Copyrights vs Human Rights: big publishing and SOPA

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6 Responses to “Copyrights vs Human Rights: big publishing and SOPA”

  1. sagodjur says:

    There’s a very simple (and loathsome) explanation for the support of SOPA: You can’t buy a Bugatti Veyron with human rights. 

  2. ScytheNoire says:

    Human Rights are less important than profits, control, and censorship.
    Welcome to your American Corporatocracy.

    • librtee_dot_com says:

      But it’s not just America…this same unified corpotacracy is making a pretty honest go at ruling most of the world.

  3. Guest says:

    tl;dr except for the part about DNS security…. You make “The DNS” out to be some organization like Twitter, Youtube, etc.. that can be held responsible. DNS and other  “free” technologies like TOR, and Bitorrent in trackerless mode offer no way to hold a single party responsible. SOPA doesn’t apply. I fail to see how DNS security ties into SOPA at all. SOPA might require US ISPs to de-list some sites from their DNS, but you can bet Twitter, Youtube, and Wikipedia won’t be among them. The sites being hawked in spam are the ones that will disappear.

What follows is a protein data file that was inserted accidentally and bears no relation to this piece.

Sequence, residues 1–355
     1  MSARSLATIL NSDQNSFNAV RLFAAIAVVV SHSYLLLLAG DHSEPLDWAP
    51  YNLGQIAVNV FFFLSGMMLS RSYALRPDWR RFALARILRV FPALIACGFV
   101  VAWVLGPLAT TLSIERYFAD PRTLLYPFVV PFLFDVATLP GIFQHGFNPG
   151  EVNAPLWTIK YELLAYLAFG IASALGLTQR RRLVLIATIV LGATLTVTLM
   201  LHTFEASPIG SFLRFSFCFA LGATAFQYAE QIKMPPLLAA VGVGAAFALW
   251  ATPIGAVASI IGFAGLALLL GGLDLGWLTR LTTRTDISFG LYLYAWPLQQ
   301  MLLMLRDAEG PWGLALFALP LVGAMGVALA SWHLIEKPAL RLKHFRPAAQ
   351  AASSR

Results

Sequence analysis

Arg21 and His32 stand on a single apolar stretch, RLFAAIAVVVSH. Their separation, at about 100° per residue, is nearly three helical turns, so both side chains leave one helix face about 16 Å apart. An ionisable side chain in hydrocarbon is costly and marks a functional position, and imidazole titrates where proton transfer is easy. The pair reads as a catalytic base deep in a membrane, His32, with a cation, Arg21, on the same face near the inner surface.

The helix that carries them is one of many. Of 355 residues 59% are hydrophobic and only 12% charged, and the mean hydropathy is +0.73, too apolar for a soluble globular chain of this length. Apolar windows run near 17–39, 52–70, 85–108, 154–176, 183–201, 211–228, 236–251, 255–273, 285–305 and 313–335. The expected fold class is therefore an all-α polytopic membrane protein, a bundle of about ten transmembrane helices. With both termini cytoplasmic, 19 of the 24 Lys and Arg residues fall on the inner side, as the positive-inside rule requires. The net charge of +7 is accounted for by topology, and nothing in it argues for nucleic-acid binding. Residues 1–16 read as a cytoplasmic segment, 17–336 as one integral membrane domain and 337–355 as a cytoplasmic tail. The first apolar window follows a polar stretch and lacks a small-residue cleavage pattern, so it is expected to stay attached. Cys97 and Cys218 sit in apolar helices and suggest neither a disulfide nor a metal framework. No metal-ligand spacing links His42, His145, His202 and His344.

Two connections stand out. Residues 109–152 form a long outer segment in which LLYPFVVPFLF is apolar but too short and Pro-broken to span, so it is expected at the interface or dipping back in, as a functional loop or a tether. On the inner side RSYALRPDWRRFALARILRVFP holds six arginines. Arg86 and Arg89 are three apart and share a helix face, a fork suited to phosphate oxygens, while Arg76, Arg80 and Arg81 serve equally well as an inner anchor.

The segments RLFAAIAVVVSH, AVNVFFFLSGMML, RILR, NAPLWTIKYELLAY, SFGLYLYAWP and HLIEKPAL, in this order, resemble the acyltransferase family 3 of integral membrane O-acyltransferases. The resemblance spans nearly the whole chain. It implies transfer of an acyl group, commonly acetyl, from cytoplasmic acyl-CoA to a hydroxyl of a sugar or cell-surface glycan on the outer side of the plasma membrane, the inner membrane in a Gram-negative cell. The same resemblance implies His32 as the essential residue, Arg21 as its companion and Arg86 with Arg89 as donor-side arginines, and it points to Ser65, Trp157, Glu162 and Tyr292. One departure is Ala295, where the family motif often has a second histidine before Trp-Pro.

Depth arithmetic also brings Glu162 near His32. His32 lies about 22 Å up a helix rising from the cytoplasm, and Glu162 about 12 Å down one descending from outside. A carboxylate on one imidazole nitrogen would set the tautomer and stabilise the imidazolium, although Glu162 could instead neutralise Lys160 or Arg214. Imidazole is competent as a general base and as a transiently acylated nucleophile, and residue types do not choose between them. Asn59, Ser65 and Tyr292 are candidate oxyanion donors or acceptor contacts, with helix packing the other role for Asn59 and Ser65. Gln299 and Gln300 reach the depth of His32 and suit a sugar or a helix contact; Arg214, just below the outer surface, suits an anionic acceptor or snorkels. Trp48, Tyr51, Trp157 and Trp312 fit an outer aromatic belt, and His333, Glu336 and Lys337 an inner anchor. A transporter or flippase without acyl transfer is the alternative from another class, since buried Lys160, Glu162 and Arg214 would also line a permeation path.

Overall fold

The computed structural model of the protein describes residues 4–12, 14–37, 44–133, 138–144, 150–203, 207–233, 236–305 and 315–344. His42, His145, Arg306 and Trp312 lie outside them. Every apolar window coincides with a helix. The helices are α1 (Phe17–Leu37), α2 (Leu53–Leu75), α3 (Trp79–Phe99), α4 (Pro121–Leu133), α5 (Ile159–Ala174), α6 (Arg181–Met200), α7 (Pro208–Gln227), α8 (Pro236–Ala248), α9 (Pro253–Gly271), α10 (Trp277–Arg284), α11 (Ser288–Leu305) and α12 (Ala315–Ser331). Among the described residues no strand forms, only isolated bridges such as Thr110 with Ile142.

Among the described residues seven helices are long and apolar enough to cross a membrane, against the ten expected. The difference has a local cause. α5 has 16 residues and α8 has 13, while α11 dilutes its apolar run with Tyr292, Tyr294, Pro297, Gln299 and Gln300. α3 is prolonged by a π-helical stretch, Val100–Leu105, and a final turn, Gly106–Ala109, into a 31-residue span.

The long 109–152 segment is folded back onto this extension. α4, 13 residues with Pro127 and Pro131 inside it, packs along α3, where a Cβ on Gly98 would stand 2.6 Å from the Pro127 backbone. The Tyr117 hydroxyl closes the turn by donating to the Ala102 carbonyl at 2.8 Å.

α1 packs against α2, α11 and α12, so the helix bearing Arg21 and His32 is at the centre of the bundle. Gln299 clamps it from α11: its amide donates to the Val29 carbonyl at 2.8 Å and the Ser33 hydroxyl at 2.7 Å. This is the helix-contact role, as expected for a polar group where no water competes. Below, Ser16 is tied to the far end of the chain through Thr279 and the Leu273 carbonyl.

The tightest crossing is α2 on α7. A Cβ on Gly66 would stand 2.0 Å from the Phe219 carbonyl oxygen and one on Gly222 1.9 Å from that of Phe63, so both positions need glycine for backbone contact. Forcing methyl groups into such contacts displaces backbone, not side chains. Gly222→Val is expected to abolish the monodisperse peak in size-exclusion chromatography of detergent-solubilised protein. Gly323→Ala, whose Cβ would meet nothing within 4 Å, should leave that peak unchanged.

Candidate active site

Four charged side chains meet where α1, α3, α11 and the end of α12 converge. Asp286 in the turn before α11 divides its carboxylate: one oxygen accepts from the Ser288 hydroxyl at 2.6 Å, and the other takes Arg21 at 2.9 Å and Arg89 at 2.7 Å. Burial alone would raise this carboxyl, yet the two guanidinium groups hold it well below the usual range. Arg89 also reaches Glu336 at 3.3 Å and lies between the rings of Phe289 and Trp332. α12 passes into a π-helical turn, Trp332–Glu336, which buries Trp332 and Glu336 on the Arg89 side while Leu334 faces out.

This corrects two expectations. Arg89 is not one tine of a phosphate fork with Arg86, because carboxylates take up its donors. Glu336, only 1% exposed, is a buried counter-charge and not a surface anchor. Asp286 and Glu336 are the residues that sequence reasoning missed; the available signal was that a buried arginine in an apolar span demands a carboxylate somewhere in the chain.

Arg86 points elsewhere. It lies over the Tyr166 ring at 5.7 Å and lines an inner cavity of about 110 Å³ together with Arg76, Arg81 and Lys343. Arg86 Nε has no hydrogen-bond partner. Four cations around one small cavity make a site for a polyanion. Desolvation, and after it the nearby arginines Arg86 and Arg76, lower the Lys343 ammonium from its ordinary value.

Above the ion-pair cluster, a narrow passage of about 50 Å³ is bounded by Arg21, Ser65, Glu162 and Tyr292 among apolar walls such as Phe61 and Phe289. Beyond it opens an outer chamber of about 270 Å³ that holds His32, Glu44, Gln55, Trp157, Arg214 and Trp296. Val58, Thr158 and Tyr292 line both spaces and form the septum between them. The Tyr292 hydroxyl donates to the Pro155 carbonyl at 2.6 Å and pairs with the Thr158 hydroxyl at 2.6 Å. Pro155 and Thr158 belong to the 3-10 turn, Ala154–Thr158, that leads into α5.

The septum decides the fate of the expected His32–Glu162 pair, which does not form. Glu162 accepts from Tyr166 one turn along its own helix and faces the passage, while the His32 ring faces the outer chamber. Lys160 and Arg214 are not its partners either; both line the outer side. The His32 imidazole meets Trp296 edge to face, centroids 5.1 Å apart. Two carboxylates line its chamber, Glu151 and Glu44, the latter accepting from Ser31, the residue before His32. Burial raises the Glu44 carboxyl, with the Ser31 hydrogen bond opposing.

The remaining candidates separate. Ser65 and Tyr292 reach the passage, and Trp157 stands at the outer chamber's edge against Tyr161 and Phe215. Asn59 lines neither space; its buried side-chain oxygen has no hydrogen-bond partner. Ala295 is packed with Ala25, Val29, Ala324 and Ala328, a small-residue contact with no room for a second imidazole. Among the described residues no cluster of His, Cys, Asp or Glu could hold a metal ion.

This piece suffers from the same problem that a lot of civil-rights concerns have: Even if the concern is valid, the concerned parties blow it up to such an extreme edge-case hypothetical abuse that knowledgeable people will scoff and the less-knowledgeable won’t even relate.

    • Shinkuhadoken says:

      I fail to see how DNS security ties into SOPA at all. SOPA might require US ISPs to de-list some sites from their DNS, but you can bet Twitter, Youtube, and Wikipedia won’t be among them.

      But there’d be no hope for the next Twitters and Googles making a start on the internet. And it would only be a matter of time before those with a “pass” are beaten into submission and/or uselessness by the relentless legal tide SOPA offers their enemies. There’s no doubt the endgame is the destruction of the internet by making it so poisonous to use, no one wants to bother with it.

    • elix says:

      You can’t have trusted and secure DNS, which is the aim of DNSSEC, if you also allow arbitrary black holes in DNS to be made by national entities. And if DNS is not secured, say hello to more malicious hijacks than a site that deals in fake Louis Vitton bags being redirected to a scary warning.

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